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Cynthia Kondratieff

Appreciated the article – it made me think.

And I realized that I’ve learnt to ask the budget it question in a slightly different way, depending on whether I made the first contact – or the prospect did. I usually ask either “Did you have a budget in mind for this?” Or “What kind of a budget did you have in mind for this?”

This could lead to a yes / no answer ... Or a number, or ‘I didn’t’ ...

But lots of times, even when a client has a budget in mind, they don’t want to tell you. Judging from my own motivation, they are hoping that the price you name will be less than they thought it would be.

So sometimes I start with – or follow up with – a statement like: “Depending on what we do [what you need], the range could be either A to B or C to D. [ I usually include a short description.] Does either of those make sense for what you had in mind?”

Chris Zdunich

I won't go into detail, but budget needs to be discussed after you know what product or service you will most likely provide. This is fair to both parties.

Knowing each other's budget range will help both of you decide if you want to move forward or not. It also establishes a basis for further discussion on other possiblities.

You do not want to take the time to develop, prepare and present a proposal to find out that your pricing just blew them out of the water.

Alan Allard

It's good that Lauren was confident enough to ask about budget issues.

Not so good that her timing was way off.

She didn't pace you at all. She assumed you had the information to make a decision at that point.

She failed to listen to you. Your e-mail reply told her you hadn't given serious consideration to the matter up to that point.

It also told her that you were willing to have a conversation about it.

She could have asked intelligent questions to discover where you were, what you needed to take another logical step, ask more questions, and so on.

When it comes to asking the budget question, timing is everything.

Jill Konrath

Thanks Cynthia, Alan & Chris. I appreciate you adding your insights to the discussion. My goal in writing the article was to make people think. Too often we're just on cruise control in our sales and don't even consider options.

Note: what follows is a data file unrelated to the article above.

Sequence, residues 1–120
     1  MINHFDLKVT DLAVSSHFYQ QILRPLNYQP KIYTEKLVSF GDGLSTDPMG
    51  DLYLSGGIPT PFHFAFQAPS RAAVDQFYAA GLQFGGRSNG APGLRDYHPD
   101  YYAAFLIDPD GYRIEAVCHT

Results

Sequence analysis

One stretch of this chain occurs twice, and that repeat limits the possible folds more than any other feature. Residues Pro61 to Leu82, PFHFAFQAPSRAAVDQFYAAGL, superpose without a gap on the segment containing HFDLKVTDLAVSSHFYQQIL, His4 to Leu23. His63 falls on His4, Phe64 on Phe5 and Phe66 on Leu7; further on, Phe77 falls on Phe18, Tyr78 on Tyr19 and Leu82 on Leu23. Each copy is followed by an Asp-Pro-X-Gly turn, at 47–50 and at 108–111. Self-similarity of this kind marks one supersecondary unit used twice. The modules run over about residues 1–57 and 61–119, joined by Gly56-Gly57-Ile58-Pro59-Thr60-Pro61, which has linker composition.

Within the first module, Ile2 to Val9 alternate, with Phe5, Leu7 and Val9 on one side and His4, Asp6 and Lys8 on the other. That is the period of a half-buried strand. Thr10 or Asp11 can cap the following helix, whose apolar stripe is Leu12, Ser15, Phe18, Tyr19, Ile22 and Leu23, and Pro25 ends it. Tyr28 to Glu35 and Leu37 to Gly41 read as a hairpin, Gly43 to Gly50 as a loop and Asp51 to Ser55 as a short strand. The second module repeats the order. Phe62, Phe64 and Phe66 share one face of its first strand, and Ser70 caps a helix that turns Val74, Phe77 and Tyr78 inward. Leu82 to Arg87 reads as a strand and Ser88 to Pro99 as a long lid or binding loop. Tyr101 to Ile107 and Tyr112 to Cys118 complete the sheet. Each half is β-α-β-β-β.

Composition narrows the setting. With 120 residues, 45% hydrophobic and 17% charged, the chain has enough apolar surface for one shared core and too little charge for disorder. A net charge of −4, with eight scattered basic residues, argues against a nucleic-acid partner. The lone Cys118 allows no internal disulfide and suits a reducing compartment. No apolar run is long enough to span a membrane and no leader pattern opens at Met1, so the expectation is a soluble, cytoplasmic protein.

I absolutely do believe in talking about budget. But at the earlier stages, this might be in the form of education instead of an open-ended question.

Case in point: When my husband bought me my diamond engagement ring, we'd decided to spend X amount. However, after the good jeweler educated us about the four F's and how to tell a quality diamond, we ended up spending twice as much.

So had the jeweler asked our budget initially, he would have gotten a much smaller sale. Again, the key is WHEN to pop the question and HOW you do it versus IF you do it.

But that requires thinking and too many of us are on autopilot!

Alan Fendrich


Good point for sure.

So often we go on autopilot, we're just plain tired from grinding out prospecting calls or (and I'm afraid this is all too common) we've got the wrong person doing our calling for us.

Elegance in selling is something that comes naturally to some (don't try to get the money before you really have rapport), but to most it is difficult.

Your point is well taken.

All the best!

David James

The budget question is even more tricky today, especially with the newer generations who are much more computer literate coming into positions of decision-making ability.

All too often the client is convinced that whatever the product or service, they "can get it cheaper" online or overseas. This really makes the budget question very tricky.

Too often the client thinks the product or service should or will cost almost nothing, or be free someplace online. The result, if it is an important project, the buyer will search about, otherwise, it generally gets put way down on the "to do" list.

This attitude can especially tricky with products and services that appear the same in name but the end result of the cheaper alternative looks and acts like a Yugo.

Too often clients don't really think about the impact that a low quality solution has on them. This includes wasted money, time, resources and, of course, opportunities.

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